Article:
Good weekend, everyone. Wherever you may be.

:think pink 81, taiwan


There are lots of good writers. There are lots of hugely skilled writers. There are lots of us who write about many subjects with curiosity and diligence. But there are very few writers who find or forge the key that enables them to unlock the hearts of their readers and of their fellow people. And Salinger did that. He did it repeatedly. And whether he was silent for 40 years or miserably grumpy for half a century, I don't care. He did that. And he alone did that. He wrote with all his stars out and the world shines brighter for him. (Adam Gopnik, NPR interview, 1/28/10)

: image dianamuse, my first copy (purchased ~1972)



Good morning, New York City! You realize that by about 1:52 this afternoon, all that pretty pristine white powder will have morphed into a flow of putty-colored slurge that accumulates in three-feet-wide ponds at every corner. That's snow for you. Just doing its job.

(I do love the dash of taxi yellow in the upper right. It orients me to time and place.)

:217project; image dianamuse



If Adam (top panel, looking all naked and mortified) could have glimpsed the beauty in store - check out those dancing jewel-tone reflections on the wall behind him - maybe he'd have grokked that being expelled from Eden wasn't such a bad thing after all.

The I.D.: I took this shot of the Paschal candlestick at The Cloisters in December. The decoration of the hexagonal candlestick is organized in three tiers: The upper register is devoted to the Old Testament (Adam and Eve, the Expulsion of Adam and Eve, etc.); the second register features various saints; the third register (out of view) is loaded with apostles.

Did you know? The Cloisters is patterned on the monasteries that mushroomed during the Middle Ages - a rambling structure of halls, chapels, cloisters and gardens intended to evoke, rather than duplicate, the originals of which they once were part. Contrary to what some believe, The Cloisters is not an entire monastery brought stone by stone from Europe and reassembled on its perch in Manhattan's Fort Tryon Park.

Much of the art collection came from that of George Grey Barnard, an American sculptor and collector of medieval art, who had already established a medieval-art museum near his home in the Fort Washington neighborhood. John D. Rockefeller, Jr. purchased Barnard's entire collection of art and architectural remnants as a gift to the Met; this collection, combined with a number of pieces from Rockefeller's own collection (including the Unicorn tapestries), became the core of the new Cloisters' holdings.

The Cloisters gets its name from its incorporation of five cloisters - the covered walkways where monks strolled, prayed and did manuscript illumination as well as their laundry - from the French monasteries of Saint-Guilhem-le-Désert, Saint-Michel-de-Cuxa, Bonnefont-en-Comminges, Trie and Froville. The museum opened in 1938.

:217project; image dianamuse


Good weekend, everyone. Wherever you may be.

:andrea übelacker, alle meine filzstifte (all my markers)


limited print auction

Several talented photographers have offered up prints of their artwork at auction, with all proceeds going to the relief efforts in Haiti. Sponsored by switchcities, the auction is open through Friday, January 22.

:image kristel wyman, krakow, 16 x 24 print



Can you identify the sculptural relief from this close-up shot? Anyone? Anyone?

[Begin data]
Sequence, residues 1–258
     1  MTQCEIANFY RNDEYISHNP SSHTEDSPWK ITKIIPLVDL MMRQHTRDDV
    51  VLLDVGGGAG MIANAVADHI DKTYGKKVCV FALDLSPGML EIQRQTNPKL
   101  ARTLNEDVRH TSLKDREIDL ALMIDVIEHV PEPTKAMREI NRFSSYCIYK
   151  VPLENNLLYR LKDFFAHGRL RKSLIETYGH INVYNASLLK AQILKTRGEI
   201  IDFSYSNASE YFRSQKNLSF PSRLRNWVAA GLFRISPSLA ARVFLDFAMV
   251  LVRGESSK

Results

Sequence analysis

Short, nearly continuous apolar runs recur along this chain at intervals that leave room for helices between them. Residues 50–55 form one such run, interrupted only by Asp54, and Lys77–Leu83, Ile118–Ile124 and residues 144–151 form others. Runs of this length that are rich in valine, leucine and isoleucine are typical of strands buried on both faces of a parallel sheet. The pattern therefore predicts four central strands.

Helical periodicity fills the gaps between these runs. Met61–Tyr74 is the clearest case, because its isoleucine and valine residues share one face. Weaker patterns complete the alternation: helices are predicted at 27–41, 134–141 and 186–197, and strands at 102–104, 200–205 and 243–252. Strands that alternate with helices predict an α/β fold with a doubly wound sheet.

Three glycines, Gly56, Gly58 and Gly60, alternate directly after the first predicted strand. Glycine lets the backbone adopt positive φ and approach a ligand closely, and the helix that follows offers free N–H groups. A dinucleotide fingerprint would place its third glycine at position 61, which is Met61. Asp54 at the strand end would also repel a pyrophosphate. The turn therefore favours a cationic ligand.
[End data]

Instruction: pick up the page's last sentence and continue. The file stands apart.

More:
Completed in 1934, this elaborate relief by Alfred Janniot decorates the entrance to 610 Fifth Avenue (aka La Maison Française) in Rockefeller Center. This bronze wonder represents Paris and New York joining hands above the figures of three graces. Poetry is on the left. Can you guess the identity of the two other figures before scrolling down?

Yes. Beauty and Elegance. Bien sûr.

* my first entry for this year's 217project (217 original swoond/dianamuse photo posts in 2010); many, probably most, will be images of our fair manhattan in perspective of varying degrees. i better get a move on.

:images dianamuse


nyc donations to haiti: plane departs tuesday

MONDAY, JANUARY 18: Just heard from Lane at charity: water. The plan is still GO for the plane to leave tomorrow. Please get your donations to 200 Varick Street by 5 p.m. TODAY.

There’s a plane leaving NYC for Haiti on Tuesday, 1/19, and charity: water needs your help filling it with cargo. As you may know, charity: water is a non-profit organization that brings clean and safe drinking water to people in developing nations.

Members of the charity: water staff have been in close contact with their field partners; they are turning the charity: water office in Manhattan into a drop-off point for the following items (those most urgently needed in Haiti this week):

Sleeping bags*

Feminine hygiene products
Medical gloves
Cases of bottled water

* these items can be gently used

If you can make a donation, please stop by the charity: water office at 200 VARICK STREET on Monday, 1/18, between 9 a.m. and 5 p.m. DO NOT MAIL THESE ITEMS TO THEIR OFFICE.

IF YOU CAN CARRY THE DONATIONS BY HAND IN ONE LOAD: Please enter through the front door at 200 Varick St. You will need a photo ID to enter the building. charity: water is located on the 2nd floor, Suite 201.

IF YOU ARE A BUSINESS OR ARE DONATING IN BULK: Please email Lane Wood to schedule a drop-off time. Lane's e address: lane.wood[at]charitywater[dot]org

All supplies will be transported this week by Partners in Health and distributed where they are needed most. charity: water's other partners in Haiti, Concern Worldwide US, are sending supplies from Ireland and still have a pressing need for donations.

charity: water; image courtesy boston globe